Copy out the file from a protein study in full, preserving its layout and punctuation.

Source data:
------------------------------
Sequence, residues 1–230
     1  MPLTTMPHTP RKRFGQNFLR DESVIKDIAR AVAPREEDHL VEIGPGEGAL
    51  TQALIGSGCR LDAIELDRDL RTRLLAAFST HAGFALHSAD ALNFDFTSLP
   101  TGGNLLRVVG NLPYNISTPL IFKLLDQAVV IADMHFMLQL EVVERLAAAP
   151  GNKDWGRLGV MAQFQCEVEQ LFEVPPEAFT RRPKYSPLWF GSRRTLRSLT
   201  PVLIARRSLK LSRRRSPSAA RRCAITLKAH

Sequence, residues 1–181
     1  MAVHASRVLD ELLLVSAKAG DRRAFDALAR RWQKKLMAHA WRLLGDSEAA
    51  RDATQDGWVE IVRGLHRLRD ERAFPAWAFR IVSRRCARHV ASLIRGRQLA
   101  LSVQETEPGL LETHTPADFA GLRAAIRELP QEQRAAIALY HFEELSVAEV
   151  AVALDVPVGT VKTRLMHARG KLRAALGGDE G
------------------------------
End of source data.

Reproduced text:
Sequence, residues 1–230
     1  MPLTTMPHTP RKRFGQNFLR DESVIKDIAR AVAPREEDHL VEIGPGEGAL
    51  TQALIGSGCR LDAIELDRDL RTRLLAAFST HAGFALHSAD ALNFDFTSLP
   101  TGGNLLRVVG NLPYNISTPL IFKLLDQAVV IADMHFMLQL EVVERLAAAP
   151  GNKDWGRLGV MAQFQCEVEQ LFEVPPEAFT RRPKYSPLWF GSRRTLRSLT
   201  PVLIARRSLK LSRRRSPSAA RRCAITLKAH

Sequence, residues 1–181
     1  MAVHASRVLD ELLLVSAKAG DRRAFDALAR RWQKKLMAHA WRLLGDSEAA
    51  RDATQDGWVE IVRGLHRLRD ERAFPAWAFR IVSRRCARHV ASLIRGRQLA
   101  LSVQETEPGL LETHTPADFA GLRAAIRELP QEQRAAIALY HFEELSVAEV
   151  AVALDVPVGT VKTRLMHARG KLRAALGGDE G